Fantasy Hero ~unsigned legacy~ arrives on Nintendo Switch four years after its original release on PlayStation Vita, where it received a rather middling reception at best. Some praised its varied stats, skills and upgrade customisation, while others criticised it for a bland plot and uninspired combat mechanics. So in 2018, how does this JRPG fare on Nintendo’s hybrid?

You take up the role as one of four different characters. Acress is your typical JRPG hero whom the game is clearly designed around, but then you also have Ashta (a mechanic who commands a robot in battle), Mask (who uses his size and weight to eliminate enemies with melee attacks), and Haul (who works from afar with pistols). But no matter who you pick, the foursome band together to tell the same story. Humanity is close to extinction after an army of monsters called Decoders took over and slaughtered the human race, bringing it to its knees upon our introduction. But after a new material named Hero Artes is discovered, the tide of battle may be about to change.

This is a plot deeply rooted in familiar tropes. The world is in ruin and you and your friends are the only ones who can put an end to the suffering thanks to a game-changing revelation. It’s a story you’ve most likely heard a number of times already in videogames, and unfortunately the game sticks to this long beaten path. FHUL does very little to mix things up, as its narrative mostly becomes a vehicle to the next mission.

Speaking of which, mission structure is defined by three different outgoings. Main missions move the story along and naturally come with the biggest set-pieces; side missions generally have you killing certain enemies, collecting items or participating in everyone’s favourite, escort quests; and EX missions are high level undertakings that reward you with the best equipment and materials in the game.

Every one of these missions is accepted from the Community Billboard, which is located in the centre of the main hub area. It’s here where you’ll engage in some bartering with the shopkeeper in order to purchase items, enhance and upgrade your weapons with the blacksmith, and take a rest in your bed back home which allows you to allocate skill points and improve your stats. The skill tree itself is fairly basic, but you feel the weight of its rewards during battle. Separated into three branches, you can choose to focus your points on the weapon your chosen character wields, their magical abilities, or bodily enhancements that improve HP and defences.

As well as that, there’s the core stats that make up your character. HP, stamina, physical defence, attack power, luck, and others can all be bolstered through stat points gained upon every mission success. These, in combination with skill allocation, give you the biggest opportunity to streamline the experience to your preferred playstyle. A number of abilities can be allocated to the D-pad to be used to take the advantage, for example Haul’s varied ammo types could poison enemies or even set them on fire, while Acress’ talent lies in transforming himself into an armoured knight that deals extra damage. All of these skills are fun to experiment with, but unfortunately they’re only having an effect on a combat system that is far simpler than itself.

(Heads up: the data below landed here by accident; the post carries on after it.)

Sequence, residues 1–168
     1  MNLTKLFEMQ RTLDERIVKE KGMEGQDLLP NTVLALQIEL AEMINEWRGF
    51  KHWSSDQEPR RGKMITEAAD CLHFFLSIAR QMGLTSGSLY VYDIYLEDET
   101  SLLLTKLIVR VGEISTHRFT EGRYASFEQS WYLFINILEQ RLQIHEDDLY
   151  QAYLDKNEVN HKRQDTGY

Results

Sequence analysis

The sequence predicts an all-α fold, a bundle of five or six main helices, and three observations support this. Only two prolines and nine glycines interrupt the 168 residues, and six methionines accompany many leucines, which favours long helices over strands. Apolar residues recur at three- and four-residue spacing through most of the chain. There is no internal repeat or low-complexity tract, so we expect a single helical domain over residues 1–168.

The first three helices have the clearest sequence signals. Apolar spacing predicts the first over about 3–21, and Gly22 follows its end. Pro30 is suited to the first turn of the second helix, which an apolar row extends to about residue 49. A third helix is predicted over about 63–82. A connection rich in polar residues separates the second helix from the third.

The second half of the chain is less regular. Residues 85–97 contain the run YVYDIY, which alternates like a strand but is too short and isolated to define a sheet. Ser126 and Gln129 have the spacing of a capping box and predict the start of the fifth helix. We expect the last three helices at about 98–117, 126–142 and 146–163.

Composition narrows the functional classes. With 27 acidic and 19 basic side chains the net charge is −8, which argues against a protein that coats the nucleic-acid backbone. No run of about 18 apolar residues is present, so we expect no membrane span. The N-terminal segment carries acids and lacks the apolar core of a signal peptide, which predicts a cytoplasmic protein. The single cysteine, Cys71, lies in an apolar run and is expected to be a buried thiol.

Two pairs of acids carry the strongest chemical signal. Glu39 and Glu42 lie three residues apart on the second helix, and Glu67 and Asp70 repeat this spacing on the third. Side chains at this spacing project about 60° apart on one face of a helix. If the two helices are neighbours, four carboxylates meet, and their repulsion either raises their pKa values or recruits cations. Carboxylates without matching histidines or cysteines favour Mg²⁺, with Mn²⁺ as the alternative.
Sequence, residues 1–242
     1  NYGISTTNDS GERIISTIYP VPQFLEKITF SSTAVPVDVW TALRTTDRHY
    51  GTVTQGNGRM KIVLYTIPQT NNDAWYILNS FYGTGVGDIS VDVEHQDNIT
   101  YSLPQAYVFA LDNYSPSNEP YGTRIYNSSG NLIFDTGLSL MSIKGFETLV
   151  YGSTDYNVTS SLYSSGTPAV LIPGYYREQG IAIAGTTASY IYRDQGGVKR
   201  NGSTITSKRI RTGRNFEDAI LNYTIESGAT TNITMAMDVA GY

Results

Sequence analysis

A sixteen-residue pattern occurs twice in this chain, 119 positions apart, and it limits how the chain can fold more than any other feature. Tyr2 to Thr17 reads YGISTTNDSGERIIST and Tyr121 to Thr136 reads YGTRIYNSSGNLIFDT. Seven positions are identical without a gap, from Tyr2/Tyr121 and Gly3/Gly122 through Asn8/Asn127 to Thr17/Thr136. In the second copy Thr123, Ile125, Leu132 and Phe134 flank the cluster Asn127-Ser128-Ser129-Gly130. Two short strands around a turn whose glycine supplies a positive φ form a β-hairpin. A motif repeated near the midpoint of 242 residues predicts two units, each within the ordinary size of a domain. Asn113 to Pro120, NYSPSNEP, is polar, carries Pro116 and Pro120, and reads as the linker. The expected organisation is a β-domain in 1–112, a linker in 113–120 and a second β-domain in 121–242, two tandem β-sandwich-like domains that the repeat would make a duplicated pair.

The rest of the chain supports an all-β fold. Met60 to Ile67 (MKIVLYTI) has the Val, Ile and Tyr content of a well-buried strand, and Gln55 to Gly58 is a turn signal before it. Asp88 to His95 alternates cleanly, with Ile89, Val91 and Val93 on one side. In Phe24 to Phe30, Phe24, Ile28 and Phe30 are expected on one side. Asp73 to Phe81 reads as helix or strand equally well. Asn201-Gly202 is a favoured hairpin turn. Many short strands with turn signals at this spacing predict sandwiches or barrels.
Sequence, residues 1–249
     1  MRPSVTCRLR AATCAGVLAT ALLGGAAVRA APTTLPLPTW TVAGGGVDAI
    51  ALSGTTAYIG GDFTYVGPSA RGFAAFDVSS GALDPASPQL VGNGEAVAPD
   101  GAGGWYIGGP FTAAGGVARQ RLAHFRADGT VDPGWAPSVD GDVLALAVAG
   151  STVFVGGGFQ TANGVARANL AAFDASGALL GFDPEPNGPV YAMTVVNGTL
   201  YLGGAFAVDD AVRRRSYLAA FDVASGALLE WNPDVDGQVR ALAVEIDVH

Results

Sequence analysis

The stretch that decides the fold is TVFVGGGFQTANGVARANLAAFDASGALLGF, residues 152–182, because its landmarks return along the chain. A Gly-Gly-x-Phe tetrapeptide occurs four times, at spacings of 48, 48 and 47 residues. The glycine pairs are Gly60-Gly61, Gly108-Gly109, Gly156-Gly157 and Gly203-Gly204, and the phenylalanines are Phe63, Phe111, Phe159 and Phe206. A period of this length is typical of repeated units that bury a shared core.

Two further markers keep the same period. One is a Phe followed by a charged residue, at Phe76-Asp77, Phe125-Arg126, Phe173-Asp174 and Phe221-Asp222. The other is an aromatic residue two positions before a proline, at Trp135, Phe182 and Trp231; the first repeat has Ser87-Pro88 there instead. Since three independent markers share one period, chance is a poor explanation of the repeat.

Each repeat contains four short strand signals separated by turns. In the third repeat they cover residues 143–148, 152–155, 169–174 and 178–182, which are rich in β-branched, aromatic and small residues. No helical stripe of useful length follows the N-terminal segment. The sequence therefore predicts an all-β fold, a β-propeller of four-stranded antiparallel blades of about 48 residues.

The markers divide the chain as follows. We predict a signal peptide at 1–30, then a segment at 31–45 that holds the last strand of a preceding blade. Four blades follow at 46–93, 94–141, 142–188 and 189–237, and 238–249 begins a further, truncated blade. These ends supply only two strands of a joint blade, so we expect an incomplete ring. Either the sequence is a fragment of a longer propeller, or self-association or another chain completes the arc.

If you were to liken FHUL’s combat to anything else, it would have to be a scaled-down version of a Musou game. A light and heavy attack are mapped to the face buttons and these two can be used in unison to perform some flashier moves, but besides that the general flow of a battle is based around spamming those buttons. This is fine in the early sections of the game, but as things progress, the difficulty begins to ramp up at an alarming rate which results in some battles feeling a little too unfair. 

A variety of attacking options could have circumvented this, but with just a light and heavy attack at your fingertips and a few abilities on top, the game gets too frustrating far too quickly. This is then worsened even further by the complete lack of a checkpoint system during missions, meaning that dying at the final hurdle results in you having to play the entire level over again. It’s cheap, disheartening, and cruel.

As previously mentioned, this is a port of a PlayStation Vita title, and it most definitely shows. Even in docked mode, the overall presentation looks incredibly dated, with textures being the worst offender. They look pixelated and blocky, while the characters themselves don’t fare much better. Everyone has a faint black border around their model which does help them to stand out more, but other than to give them a bit of a presence, we don’t quite understand why it’s there at all.

Problems also arise in the translation for the game, with English taking the centre stage in text boxes while conversations are fully voiced in Japanese. The English translation is rife with spelling mistakes and grammatical issues, and while this is something we can look past for the most part, others may understandably take more of an issue with it.

Conclusion

The nature of Fantasy Hero ~unsigned legacy~’s mission based structure lends itself well to the pick up and play style of Nintendo Switch, but there’s nowhere near enough compelling content here to make it worth your time. A dull plot filled to the brim with typical JRPG tropes fails to give you much of an incentive to progress, while the combat itself is far too basic and at times punishingly difficult. This may have been a passable experience upon its original release, but in 2018, this port has little to offer.